Thursday, March 8, 2012

Eucharistic Adoration-- the Opposite of Entertainment

My parish church is holding Tuesday evening sessions (if that is the right word) of Eucharistic Adoration all through Lent. It did the same in Advent. I do my very best to make it to every one.

I'm always surprised by the number of people that attend Eucharistic Adoration. It seems the least likely "draw" there could be. And nothing seems more guaranteed to provoke the scorn of the rationalist; here is a bunch of people kneeling and staring at a wafer on a table, the long silences only punctuated by a few hymns and the wafting of incense (at the last one I attended, the priest was unable to get the incense to rise, which brought some comedy into the solemnity).

Eucharistic Adoration doesn't even have the stimulating aspects of the liturgy-- no homily, no Scripture readings, no litanies. And yet, strangely, people seem enthusiastic about Adoration in a way that they are often not about the Mass. And Adoration is not obligatory, as at least some Masses are.

I understand that this is partly down to novelty value. Eucharistic Adoration has become more popular in recent years. We are not as accustomed to it as we are to the Mass. It feels "special" in a way the Mass does not (although the Mass is special beyond words).

But I think it is more than this. I think Eucharistic Adoration is so utterly counter-cultural that many people find it a blessed tonic.

First of all, there is the silence. Silence is not a feature of contemporary life. We are continually bombarded with pop songs, advertisements for washing up powder, television screens perched in pubs and waiting rooms, car engines, burglar alarms that screech on indefinitely.

But it's not just silence per se. As everybody knows, silence is not just the absence of sound; there are different sorts of silence. The silence of a graveyard is very different to the silence of a deserted beach.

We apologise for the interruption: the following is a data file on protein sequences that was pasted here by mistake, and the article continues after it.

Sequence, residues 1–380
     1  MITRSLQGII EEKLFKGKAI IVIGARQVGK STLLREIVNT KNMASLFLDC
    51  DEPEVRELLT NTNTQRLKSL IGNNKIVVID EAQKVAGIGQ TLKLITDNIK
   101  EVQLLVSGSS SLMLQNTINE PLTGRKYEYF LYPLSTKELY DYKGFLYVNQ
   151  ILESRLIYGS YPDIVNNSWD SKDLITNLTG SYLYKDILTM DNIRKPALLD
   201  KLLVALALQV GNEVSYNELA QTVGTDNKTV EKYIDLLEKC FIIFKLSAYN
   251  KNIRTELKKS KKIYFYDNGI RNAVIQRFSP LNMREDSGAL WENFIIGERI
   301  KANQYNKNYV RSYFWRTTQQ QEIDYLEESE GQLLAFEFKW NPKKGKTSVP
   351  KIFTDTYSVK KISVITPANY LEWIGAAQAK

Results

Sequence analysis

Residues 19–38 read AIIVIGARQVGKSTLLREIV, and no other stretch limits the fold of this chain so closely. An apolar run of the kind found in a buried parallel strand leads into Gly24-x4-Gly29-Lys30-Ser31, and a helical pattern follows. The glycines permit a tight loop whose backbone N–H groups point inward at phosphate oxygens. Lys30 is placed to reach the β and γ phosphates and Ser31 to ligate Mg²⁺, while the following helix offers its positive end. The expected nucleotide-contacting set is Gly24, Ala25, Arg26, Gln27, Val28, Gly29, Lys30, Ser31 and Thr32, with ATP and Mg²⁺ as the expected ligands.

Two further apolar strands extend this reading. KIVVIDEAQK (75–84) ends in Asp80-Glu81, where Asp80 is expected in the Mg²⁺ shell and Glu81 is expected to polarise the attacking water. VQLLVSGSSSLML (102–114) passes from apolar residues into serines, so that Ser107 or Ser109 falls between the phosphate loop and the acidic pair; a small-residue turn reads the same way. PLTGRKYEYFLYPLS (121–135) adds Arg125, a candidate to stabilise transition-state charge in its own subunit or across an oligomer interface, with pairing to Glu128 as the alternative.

And there is nothing like the silence of a church. I love the line in "Church Going" by Philip Larkin in which he describes the atmosphere inside a church; the "tense, musty, unignorable silence brewed God knows how long." Brewed! That's exactly it. When it has the chance, silence accumulates, deepens, thickens. And the silence of a church is pregnant with the memory of years upon years of prayer and reverence.

The silence of Eucharistic Adoration is a shared silence. That, too, changes its nature. To share silence with somebody, most of the time, is a sign of acceptance and love. We may not know the person kneeling next to us in the pew at Eucharistic Adoration, but there is a kind of love in the silence we share.

But the funniest thing about Adoration is that the very lack of entertainment and diversion has a deep appeal to us. In our consumer society, we are saturated with entertainment from our earliest days. And now, with i-phones and MP3 players, the entertainment doesn't have to let up even when we are away from a TV or computer screen. In the sublime words of TS Eliot, we are "distracted from distraction by distraction." We learn to crave novelty and variety to the extent that bonds-- whether to our past, our heritage, our religion, or our family-- begin to feel onerous, rather than precious. Instant rather than deferred gratification becomes the goal. Nobody reads poetry, because poetry requires too much mental effort and patience.

And the strangest thing about this non-stop flow of entertainment is that it makes us utterly, hopelessly bored. The addict requires stronger and stronger doses, and in the end nothing is strong enough.

Paradoxically, staring at a consecrated Host for long periods of time becomes an antidote to boredom.

I know that I haven't even mentioned the supernatural aspects of Adoration. I know that is not simply a form of therapy or relaxation, but an audience with our Blessed Lord and a channel of grace.

But I don't think I can do justice to such an exalted theme. Nor do I feel the action of grace during Adoration; I have no doubt that is happening, but I am not aware of God speaking to me in the moment. I have never had a thought or a decision sail into my mind with all the force of revelation.

No, my topic here is a humbler one-- how strange and wonderful it is that people will willingly leave their busy lives, their TVs and their DVD players and tennis clubs, to kneel in silent adoration before what the secular world sees as nothing but a white wafer, but the eyes of faith perceives as the body of Our Blessed Lord.

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